Get over your debt after the holidays

Life after the holiday season can be difficult for small business owners – customers tighten the purse streak to recover from the headache of over-spending during the holiday season, and personal and household bills. ‘companies are piling up. As with personal consumption habits, a small business owner probably spent more on inventory, people, or marketing. And just like the diet and detox often necessary after the holidays. Here are some tips to help you recover from your expenses and debts accumulated during the same period

Cut non-essential expenses

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do you really need to improve your telephone service or advertise as much in print than online? Try to analyze what costs can be reduced. Even small cost reductions associated with operating expenses in different activities can significantly contribute to significant savings, which will help you pay down your debt.

Reconsider your prices

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A new year is an opportunity, in a constantly changing economic environment, to reconsider your costs and determine if your price structure is reasonable under current market conditions. See which products were the most popular and sold successfully in the past year. Did you sell a product or service quickly? Raising prices, even slightly, can increase revenues.

Give priority to the repayment of your debts

Repay the loan at the highest interest rate or any other loan for which you have pledged personal effects. Continue to make the minimum payment on all your debts while giving priority to the loan with the highest interest rate.

Consolidate your debts

Take out a loan at a low interest rate, such as a small business loan from Lendified, which offers competitive interest rates, to repay your various credit cards and loans accumulated during the period festivals. Consolidating your debts can help you and your business on many levels. This not only allows you to pay the highest interest rate loans and cards, but also to worry about one payment.

Make a sale

sale can boost your business and give your sales force an easy opening for approaching the customer. Do you have dormant or holiday inventory that doesn’t go out? Make a sale. Inventory that does not sell and that accumulates on shelves is wasted money.

Improve your accounts receivable


Overdue and unpaid accounts can have a significant impact on your cash flow and your balance sheet. Providing your customers with multiple payment options or discounts to those who pay their accounts quickly are just a few of the ways to keep your cash inflows positive.

Consumer Credit Laws You Should Be Familiar With

There are a few laws that govern the rights to the Good Credit world. If you are not a lawyer, you are unlikely to read the text of each of these laws. You should, to a minimum, be familiar with the laws and your rights. Knowing about your rights and the responsibilities of creditors, Good Credit and other companies in the Good Credit industry will help you know how to correctly answer questions that arise.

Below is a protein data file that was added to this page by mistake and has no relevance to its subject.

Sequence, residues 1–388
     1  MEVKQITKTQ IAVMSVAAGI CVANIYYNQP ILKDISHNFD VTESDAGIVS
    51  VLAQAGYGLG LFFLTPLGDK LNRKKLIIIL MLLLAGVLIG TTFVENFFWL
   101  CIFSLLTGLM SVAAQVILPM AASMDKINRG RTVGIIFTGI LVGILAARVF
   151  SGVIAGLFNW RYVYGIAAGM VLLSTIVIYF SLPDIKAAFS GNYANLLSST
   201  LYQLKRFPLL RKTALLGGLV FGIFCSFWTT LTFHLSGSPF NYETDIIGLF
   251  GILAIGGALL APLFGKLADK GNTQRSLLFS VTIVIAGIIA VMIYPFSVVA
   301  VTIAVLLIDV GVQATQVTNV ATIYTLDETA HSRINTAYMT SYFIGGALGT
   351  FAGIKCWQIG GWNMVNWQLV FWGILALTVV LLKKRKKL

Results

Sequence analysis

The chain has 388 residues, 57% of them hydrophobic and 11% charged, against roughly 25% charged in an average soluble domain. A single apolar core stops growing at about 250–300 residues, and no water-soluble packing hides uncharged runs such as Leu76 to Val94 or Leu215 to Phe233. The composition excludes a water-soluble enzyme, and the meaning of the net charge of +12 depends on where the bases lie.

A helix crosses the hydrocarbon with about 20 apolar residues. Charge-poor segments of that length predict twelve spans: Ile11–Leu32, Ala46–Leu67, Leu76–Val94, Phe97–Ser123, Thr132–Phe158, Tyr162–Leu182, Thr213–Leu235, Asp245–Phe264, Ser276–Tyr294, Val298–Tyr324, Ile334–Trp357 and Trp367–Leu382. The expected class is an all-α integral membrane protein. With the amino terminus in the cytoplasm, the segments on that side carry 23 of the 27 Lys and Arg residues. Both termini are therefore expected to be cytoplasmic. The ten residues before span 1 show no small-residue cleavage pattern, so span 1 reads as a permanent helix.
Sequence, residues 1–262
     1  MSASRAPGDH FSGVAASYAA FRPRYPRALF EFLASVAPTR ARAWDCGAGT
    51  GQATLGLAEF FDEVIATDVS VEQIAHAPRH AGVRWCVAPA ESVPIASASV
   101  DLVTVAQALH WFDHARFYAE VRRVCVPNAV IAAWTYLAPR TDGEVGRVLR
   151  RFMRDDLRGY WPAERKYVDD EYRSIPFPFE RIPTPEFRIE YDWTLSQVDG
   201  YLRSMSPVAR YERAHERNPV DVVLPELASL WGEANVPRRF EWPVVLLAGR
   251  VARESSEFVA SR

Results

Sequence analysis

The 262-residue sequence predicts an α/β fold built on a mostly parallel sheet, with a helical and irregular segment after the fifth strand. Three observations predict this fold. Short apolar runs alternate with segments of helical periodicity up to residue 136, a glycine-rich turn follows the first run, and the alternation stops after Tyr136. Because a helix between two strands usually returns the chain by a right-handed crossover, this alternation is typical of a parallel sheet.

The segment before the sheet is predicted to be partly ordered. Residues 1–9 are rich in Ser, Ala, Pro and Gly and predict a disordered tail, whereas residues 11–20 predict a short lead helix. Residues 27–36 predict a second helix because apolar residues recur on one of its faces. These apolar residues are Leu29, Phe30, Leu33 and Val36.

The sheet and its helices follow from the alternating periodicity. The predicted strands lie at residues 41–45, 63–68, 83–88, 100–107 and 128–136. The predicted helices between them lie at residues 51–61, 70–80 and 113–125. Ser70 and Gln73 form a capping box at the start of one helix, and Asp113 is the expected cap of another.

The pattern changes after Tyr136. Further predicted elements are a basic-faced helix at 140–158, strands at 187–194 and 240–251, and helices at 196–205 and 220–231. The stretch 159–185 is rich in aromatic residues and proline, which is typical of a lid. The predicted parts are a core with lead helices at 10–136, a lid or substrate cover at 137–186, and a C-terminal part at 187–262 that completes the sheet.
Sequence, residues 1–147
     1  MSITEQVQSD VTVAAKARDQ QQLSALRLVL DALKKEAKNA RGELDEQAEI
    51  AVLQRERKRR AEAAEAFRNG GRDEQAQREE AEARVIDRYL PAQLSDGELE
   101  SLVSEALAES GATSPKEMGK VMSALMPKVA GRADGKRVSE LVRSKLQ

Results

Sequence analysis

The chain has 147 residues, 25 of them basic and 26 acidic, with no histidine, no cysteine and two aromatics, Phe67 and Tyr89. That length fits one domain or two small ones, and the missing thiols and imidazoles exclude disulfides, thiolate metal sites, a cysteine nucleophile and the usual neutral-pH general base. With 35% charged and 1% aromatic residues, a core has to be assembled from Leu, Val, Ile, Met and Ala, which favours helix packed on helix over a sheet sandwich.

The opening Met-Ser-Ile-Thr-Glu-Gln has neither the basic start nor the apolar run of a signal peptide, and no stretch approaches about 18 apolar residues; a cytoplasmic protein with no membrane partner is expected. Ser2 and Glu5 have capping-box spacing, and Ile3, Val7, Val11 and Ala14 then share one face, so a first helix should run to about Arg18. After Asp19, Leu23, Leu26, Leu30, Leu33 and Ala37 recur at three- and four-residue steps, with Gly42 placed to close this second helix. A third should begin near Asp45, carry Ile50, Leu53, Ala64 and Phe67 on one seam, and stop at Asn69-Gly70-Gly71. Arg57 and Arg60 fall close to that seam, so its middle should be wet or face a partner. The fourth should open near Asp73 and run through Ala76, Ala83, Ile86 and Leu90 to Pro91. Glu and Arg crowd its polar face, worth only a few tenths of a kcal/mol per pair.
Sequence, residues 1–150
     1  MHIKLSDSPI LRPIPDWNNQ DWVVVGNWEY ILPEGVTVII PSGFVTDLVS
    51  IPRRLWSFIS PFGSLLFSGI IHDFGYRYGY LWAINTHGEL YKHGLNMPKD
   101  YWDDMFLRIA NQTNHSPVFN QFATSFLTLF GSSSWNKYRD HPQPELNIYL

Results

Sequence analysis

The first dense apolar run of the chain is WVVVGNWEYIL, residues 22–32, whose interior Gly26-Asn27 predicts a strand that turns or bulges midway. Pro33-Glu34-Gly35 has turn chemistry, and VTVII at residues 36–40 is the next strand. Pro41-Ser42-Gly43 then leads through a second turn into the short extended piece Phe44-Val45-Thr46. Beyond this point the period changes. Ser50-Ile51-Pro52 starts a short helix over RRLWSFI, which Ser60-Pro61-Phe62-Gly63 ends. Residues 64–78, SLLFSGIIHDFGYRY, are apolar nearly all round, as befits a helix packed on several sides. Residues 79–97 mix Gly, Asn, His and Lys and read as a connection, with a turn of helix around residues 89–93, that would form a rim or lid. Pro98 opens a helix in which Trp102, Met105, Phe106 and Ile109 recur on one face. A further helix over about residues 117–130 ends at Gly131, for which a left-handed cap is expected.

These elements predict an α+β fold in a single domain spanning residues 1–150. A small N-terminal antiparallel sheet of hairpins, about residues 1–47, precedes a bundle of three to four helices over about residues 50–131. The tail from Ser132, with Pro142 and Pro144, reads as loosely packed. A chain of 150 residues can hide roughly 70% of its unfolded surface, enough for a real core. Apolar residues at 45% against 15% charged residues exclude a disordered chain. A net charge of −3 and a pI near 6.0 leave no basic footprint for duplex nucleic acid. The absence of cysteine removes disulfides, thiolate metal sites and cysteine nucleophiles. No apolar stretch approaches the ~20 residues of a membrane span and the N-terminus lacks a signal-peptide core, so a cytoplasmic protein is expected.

The Credit Equal Opportunity Act

The Credit Equal Opportunity Act

The ECOA prevents Good Credit from discriminating against people or companies based on non-financial factors. The ECOA is one of the few important consumer protection laws that apply to consumers and businesses – most of the others only apply to consumers. The ECOA says that a Good Credit cannot stop you from using or discriminating you based on factors that include:

  • run
  • color
  • religion
  • marital status
  • Age (unless you’re too young to sign a contract)
  • whether the applicant receives public support

Lenders may ask for this information in certain situations, but the information cannot be used to help determine whether Good Credit exists and it cannot be used to set the conditions for applicants who are approved. For example, theGood Credit notifies the interest in the age of the applicant.

The ECOA limits the information on the Bilbo Baggensender of the applicant’s spouse can only ask in certain situations, such as a joint application if you are dependent on your partner’s income made to the account or applicant paid in community property states. The Good Creditender is not allowed to ask whether an applicant is widowed or divorced. Only the terms married, single, and used separately.

The ECOA applies to all companies that regularly expand Good Credit and companies like mortgage brokers that are easy to finance.

If you were offered less favorable terms, you have the right to know why, but only if you reject the terms.

Under the ECOA, Good Credit is required to send a statement to applicants whose application for Good Credit is denied. The declaration must be made within 60 days of the decision and must contain specific reasons for the decision.

The Fair Credit Reporting Act

The Fair Credit Reporting Act

The FCRA determines how consumer credit information is collected and used. It regulates the Bilbo baggage bureaus like Equifax, Experian and Transunion and other consumer bureaus.